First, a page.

Short answer: It depends.

Long answer:

Guild Guide v0.04 wrote:
You can apply credit from a higher-tier adventure to a 1st-level Pathfinder Society character. When doing so, you gain only the gold appropriate to a 1st-level character. You do not benefit from any boons until your Pathfinder Society character reaches the minimum level listed on the Chronicle sheet, unless otherwise noted.
If they're applying it to a level 1 character, my understanding is you would use the dayjob of the character the chronicle is being applied to. If that character is not yet built, I think you're just SOL on the downtime, since downtime must be used at the end of the session in which it was earned.
Quote:

Special: This adventure was designed for use with pregenerated characters. You can assign this Chronicle sheet to any character of

levels 1–5 who does not already have a copy of this Chronicle sheet.

However, there's also the rule that says:

Guild Guide v0.04 wrote:

You may apply a pregenerated character’s Chronicle sheet to one of your Pathfinder Society characters once your Pathfinder Society character reaches the level of the pregenerated character used to play through it. For example, if you played a 5th-level pregenerated character, you would apply the credit once your character reaches 5th level.

...

Downtime: Pregenerated characters can use Downtime.

So, you could use the pregens downtime roll, which would be available when the PC reaches level 5. In this case, they would get all the boons at level 1, since the chronicle says level 1-5.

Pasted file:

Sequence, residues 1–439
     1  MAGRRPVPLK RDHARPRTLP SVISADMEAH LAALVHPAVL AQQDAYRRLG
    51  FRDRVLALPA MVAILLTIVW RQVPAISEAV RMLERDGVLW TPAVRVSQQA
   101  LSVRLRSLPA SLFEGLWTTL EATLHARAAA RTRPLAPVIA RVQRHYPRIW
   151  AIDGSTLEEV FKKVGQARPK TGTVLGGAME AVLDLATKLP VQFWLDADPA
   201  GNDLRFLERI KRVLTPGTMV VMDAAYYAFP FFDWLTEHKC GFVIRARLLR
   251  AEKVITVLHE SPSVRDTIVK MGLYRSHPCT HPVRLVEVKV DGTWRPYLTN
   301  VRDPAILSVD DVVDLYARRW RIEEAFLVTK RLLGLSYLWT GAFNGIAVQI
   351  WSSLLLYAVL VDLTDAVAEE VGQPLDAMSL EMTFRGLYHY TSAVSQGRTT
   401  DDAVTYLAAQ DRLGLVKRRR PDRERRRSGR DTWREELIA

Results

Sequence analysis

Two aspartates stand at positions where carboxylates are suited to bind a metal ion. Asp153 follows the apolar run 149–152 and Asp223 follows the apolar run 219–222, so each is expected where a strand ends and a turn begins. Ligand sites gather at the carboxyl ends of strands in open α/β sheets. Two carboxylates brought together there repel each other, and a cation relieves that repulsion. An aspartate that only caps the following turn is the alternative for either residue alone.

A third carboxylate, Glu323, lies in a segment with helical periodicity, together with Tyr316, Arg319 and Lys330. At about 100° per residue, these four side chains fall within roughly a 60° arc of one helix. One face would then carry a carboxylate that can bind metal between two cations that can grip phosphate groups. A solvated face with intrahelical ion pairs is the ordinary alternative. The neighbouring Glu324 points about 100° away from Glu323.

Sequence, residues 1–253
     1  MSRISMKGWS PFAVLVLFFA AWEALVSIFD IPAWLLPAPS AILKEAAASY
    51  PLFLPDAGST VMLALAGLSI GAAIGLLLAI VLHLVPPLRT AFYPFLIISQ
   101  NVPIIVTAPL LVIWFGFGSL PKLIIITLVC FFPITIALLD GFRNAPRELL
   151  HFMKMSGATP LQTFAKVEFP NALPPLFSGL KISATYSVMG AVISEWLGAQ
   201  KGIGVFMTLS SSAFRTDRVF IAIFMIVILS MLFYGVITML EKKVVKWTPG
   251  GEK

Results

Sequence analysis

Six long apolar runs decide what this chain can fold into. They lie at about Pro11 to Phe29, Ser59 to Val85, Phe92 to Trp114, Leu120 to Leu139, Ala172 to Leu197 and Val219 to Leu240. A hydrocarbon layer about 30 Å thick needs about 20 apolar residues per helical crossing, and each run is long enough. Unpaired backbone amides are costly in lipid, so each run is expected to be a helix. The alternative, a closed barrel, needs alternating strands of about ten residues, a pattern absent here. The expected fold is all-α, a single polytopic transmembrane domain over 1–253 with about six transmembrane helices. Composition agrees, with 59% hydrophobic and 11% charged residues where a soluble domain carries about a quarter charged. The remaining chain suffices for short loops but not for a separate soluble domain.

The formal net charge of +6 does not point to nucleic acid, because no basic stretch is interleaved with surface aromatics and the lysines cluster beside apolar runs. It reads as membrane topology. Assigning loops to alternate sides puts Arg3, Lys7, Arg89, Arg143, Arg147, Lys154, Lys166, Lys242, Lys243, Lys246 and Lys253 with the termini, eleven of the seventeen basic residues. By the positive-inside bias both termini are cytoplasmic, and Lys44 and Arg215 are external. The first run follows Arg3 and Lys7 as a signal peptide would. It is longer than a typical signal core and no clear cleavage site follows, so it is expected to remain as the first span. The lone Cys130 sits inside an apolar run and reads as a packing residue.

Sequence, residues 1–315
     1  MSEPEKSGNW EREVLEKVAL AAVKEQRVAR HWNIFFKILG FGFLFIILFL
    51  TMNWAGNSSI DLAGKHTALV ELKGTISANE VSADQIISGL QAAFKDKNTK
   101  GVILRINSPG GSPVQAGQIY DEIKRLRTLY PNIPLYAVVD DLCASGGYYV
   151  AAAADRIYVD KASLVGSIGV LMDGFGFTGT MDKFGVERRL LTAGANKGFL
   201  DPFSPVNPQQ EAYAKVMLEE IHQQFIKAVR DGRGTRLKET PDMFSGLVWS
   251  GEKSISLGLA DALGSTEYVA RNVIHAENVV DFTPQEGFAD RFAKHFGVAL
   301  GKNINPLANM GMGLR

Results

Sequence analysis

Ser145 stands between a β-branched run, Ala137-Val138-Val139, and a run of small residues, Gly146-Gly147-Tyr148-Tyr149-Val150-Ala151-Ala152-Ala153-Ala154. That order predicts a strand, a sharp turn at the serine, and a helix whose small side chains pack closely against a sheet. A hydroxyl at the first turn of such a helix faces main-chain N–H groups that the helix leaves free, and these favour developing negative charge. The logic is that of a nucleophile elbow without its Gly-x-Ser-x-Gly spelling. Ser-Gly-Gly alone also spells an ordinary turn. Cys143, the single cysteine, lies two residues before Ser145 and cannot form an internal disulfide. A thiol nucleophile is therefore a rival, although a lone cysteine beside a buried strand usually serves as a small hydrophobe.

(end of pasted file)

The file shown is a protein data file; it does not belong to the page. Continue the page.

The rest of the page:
Sovereign Court 4/5 Venture-Lieutenant, Netherlands—Leiden aka Ascalaphus

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Earn Income is not a boon, so it's not covered by the delayed gratification clause.

I also don't think it's covered by the scale-to-L1 rule, that one seems intent on scaling the treasure bundles.

It seems like this one particular scenario is quite lucrative for lower level characters. For a level 1 character, that's about 30% extra gold. However, I don't think it's really cause for alarm. The scenario isn't evergreen. And it's only a lot of money relatively speaking; the advantage fades rather quickly as regular scenario awards quickly become bigger than that. By level 3 it's as if you had earned one extra treasure bundle, hardly reason for panic.

So I'd say just let people enjoy it this once.

Dark Archive 3/5 Venture-Lieutenant, Colorado—Denver aka masterslate

Regarding the research work section -- at 6 successes, they "are aware
they have exhausted all their research avenues in the Orrery Archive."

Yet there are 3 more successes. Is that a typo? or are players supposed to assume that there must be more?

Grand Lodge 4/5 Venture-Agent, Australia—NSW—Newcastle aka Tim Schneider 908

Yeah, I wasn't sure how to proceed there too - as if they stop at that heavy-handed GM "You're done here" they lose their primary success condition as the permit comes after it.

I read what it said to read, cause I felt like I should... but added "But you're seasoned pathfinders, and surely are aware it's worth double checking before you move on right?" (In my most 'this is the actual GM hint' voice I could muster). The party thought that info came from a crit-fail not the scenario until I admitted it after :P


Pathfinder Adventure Path, Starfinder Adventure Path, Starfinder Society Subscriber

Doing some catchup on my paperwork, and I just realized that the Chronicle sheet from this one doesn't have space for Fame. Do we still receive the 4 Fame from this scenario? Or does this scenario provide Reputation but no Fame?

The Exchange 5/5 Venture-Lieutenant, Texas—Dallas & Ft. Worth aka Belafon

azjauthor wrote: